My next project for this rifle is hunting season, which is only a few days away. I might make it easier on Junior by just taking the one rifle for both of us, and any deer within half a mile would be foolish to show his tines. With a trajectory nearly as flat as my 7SAUM shooting 183 Sierra Match Kings, but the tender recoil of a Creedmoor, I cant imagine a sweeter little deer rifle. And first chance I get I’ll put it up against wild Wyoming’s pronghorn as well, but the likely precursor will be Rocky Mountain Elk.
My very first elk fell to a single shot from that old 25-06, and with the added power and accuracy of the Blackjack Ace 131 I am very confident both Junior and I can pull it off again.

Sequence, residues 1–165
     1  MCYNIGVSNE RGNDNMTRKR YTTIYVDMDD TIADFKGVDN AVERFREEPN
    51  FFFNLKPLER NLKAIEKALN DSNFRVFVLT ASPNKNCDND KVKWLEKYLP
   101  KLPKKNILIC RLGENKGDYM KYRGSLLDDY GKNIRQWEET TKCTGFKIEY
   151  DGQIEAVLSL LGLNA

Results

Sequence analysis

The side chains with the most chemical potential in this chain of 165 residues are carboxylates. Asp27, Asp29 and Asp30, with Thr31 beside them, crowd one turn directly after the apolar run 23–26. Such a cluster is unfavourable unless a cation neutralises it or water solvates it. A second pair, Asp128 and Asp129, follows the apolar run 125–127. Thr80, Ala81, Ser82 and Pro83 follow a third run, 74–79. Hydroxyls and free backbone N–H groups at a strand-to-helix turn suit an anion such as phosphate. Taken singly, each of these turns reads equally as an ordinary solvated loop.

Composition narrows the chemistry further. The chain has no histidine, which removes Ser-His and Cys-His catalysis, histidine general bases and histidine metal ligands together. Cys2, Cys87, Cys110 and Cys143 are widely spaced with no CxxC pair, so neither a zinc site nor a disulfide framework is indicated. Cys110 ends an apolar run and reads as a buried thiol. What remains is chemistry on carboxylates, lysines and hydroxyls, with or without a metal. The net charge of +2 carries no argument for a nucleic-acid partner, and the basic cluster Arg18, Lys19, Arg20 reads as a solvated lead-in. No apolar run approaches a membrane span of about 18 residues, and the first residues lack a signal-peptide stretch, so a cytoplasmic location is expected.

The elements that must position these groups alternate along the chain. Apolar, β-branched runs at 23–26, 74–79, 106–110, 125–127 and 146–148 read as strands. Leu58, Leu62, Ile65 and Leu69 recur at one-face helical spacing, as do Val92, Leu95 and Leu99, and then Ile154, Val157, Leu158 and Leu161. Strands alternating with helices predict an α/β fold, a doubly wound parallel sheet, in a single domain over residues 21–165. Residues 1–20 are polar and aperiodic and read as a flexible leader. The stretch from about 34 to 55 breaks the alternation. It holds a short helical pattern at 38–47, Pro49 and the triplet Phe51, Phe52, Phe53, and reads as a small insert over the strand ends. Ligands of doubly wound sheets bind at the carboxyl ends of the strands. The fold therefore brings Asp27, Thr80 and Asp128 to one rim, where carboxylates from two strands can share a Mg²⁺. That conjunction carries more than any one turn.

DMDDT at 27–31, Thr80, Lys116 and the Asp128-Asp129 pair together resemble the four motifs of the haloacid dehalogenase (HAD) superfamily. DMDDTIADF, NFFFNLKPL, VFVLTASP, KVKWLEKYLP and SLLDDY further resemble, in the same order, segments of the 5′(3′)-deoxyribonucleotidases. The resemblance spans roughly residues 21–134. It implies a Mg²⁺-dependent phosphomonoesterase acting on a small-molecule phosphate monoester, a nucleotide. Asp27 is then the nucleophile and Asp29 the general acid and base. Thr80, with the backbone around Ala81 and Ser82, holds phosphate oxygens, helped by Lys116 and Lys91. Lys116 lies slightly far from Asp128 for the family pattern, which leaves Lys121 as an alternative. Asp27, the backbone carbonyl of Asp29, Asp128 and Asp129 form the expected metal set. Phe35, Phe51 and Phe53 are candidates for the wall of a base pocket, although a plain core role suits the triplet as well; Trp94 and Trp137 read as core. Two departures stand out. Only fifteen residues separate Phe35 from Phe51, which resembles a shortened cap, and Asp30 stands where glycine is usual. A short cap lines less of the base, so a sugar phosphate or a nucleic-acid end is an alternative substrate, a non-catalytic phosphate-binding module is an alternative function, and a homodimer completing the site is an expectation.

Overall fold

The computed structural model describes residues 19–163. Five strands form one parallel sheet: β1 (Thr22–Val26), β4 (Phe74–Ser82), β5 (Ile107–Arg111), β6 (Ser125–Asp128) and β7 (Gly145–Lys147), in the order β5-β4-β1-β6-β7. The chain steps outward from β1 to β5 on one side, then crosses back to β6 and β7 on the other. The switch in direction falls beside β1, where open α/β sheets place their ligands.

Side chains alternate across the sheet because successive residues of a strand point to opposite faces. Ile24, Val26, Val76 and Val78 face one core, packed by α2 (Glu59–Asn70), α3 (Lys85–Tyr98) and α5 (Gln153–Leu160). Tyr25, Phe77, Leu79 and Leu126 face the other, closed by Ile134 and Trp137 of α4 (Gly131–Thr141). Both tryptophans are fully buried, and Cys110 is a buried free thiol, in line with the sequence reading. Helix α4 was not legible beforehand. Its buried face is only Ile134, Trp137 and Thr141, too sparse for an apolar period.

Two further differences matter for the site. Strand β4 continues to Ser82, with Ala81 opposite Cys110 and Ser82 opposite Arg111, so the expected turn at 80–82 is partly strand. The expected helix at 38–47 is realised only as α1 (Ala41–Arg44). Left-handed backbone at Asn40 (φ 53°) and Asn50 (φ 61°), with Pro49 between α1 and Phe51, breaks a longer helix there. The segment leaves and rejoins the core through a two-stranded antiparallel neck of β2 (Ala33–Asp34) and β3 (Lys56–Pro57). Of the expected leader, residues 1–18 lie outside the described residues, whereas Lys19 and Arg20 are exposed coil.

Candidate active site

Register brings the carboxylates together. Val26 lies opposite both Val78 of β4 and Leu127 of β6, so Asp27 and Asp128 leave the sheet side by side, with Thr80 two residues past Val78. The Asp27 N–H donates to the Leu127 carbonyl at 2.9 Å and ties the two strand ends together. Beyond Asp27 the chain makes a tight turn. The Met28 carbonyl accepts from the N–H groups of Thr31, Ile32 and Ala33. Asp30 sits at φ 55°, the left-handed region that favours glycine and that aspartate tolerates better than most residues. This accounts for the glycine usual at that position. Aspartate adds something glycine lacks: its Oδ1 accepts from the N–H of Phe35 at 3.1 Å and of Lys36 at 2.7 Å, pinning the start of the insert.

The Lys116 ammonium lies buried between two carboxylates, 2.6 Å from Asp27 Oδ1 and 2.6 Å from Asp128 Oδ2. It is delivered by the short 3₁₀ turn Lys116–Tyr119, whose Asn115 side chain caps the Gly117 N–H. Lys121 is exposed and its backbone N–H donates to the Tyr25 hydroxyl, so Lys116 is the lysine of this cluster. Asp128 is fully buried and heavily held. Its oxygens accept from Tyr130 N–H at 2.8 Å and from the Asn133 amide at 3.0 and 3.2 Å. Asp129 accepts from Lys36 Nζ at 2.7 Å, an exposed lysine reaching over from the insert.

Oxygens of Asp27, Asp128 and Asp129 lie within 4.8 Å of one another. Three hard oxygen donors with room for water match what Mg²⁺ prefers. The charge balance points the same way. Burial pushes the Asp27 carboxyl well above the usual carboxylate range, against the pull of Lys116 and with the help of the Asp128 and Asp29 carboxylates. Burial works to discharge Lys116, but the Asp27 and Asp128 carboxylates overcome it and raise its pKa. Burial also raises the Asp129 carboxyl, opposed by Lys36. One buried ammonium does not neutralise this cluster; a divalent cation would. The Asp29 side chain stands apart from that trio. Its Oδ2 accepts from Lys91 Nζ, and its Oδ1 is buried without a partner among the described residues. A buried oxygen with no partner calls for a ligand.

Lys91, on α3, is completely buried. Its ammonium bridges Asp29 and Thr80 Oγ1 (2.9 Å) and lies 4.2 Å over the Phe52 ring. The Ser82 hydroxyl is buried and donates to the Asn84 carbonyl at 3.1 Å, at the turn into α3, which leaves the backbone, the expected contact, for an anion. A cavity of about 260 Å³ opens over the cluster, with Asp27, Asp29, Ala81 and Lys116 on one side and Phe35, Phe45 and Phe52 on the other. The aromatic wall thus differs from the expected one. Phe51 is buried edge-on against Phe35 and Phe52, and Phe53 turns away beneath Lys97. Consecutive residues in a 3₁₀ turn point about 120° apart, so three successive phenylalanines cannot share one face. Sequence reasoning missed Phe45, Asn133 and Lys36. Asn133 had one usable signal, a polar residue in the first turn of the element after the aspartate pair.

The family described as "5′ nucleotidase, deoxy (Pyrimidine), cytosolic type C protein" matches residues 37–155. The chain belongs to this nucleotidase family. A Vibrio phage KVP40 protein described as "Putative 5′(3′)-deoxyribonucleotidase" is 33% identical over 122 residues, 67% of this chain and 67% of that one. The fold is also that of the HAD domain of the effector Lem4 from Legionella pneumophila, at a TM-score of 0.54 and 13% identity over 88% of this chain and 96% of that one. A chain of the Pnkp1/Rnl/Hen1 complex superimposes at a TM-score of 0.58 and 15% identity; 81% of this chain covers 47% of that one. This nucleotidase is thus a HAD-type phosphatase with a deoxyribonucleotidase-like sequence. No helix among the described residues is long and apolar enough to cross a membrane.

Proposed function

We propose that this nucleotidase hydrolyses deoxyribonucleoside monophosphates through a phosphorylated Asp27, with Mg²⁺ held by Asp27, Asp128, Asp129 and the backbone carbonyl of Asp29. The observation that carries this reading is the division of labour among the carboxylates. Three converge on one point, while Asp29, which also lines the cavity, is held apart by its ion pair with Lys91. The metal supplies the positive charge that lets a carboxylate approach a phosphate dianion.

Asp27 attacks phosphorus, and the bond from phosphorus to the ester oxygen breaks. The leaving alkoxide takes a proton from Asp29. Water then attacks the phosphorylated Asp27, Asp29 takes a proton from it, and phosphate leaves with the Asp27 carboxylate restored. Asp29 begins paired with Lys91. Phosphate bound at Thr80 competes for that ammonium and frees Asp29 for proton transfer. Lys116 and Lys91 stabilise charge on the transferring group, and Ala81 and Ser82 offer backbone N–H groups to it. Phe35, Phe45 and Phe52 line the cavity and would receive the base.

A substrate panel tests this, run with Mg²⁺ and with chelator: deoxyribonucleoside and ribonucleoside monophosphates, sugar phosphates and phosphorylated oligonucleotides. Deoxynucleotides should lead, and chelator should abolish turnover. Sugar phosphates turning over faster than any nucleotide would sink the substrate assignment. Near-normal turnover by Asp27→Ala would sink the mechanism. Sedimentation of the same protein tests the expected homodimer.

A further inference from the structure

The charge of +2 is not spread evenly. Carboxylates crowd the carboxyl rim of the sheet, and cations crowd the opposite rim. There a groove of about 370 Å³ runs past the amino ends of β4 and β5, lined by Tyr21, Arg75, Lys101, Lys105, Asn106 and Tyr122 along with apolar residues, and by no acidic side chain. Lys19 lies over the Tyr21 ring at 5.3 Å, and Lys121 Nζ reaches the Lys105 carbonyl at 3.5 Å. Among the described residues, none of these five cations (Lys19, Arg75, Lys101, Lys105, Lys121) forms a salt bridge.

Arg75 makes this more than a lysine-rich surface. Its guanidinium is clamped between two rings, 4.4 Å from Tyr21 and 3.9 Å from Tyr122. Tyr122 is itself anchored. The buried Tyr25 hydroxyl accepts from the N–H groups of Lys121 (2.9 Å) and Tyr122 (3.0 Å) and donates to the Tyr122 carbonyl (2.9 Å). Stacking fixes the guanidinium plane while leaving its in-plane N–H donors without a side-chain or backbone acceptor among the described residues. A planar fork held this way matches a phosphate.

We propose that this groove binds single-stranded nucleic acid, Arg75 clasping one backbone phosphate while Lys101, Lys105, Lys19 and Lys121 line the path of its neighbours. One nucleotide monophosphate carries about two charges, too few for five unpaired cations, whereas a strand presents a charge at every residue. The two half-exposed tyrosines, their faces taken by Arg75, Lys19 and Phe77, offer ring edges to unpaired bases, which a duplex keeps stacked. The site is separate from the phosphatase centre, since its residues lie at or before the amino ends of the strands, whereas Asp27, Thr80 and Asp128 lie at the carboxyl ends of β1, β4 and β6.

Im a hunter at heart, so thats where I always turn towards. But the 25 Creedmoor would really shine in a competition setup. With its light recoil, super flat trajectory, and great accuracy, it would stand ahead of most of it’s 6.5 competitors.
This project is still very fresh, so I will continue to update this post with new information as I get it. There will be acompanying youtube videos soon, on both the rifle and its components. Follow my social media pages for frequent updates, and for answers to your questions. And follow the links here in the article to get to those mentioned.
Edited to add:
So far in the fall/winter season of 2018, we have managed to kill three mule deer with the 25 Creedmoor, and two elk. Shots varied from 220yds, 500yds, and 600yds on the deer. And both elk were shot right at 300 yds with a neck shot.
A long time ago, on a dry desert plain, the boys and I were shooting at a distant prairie dog town.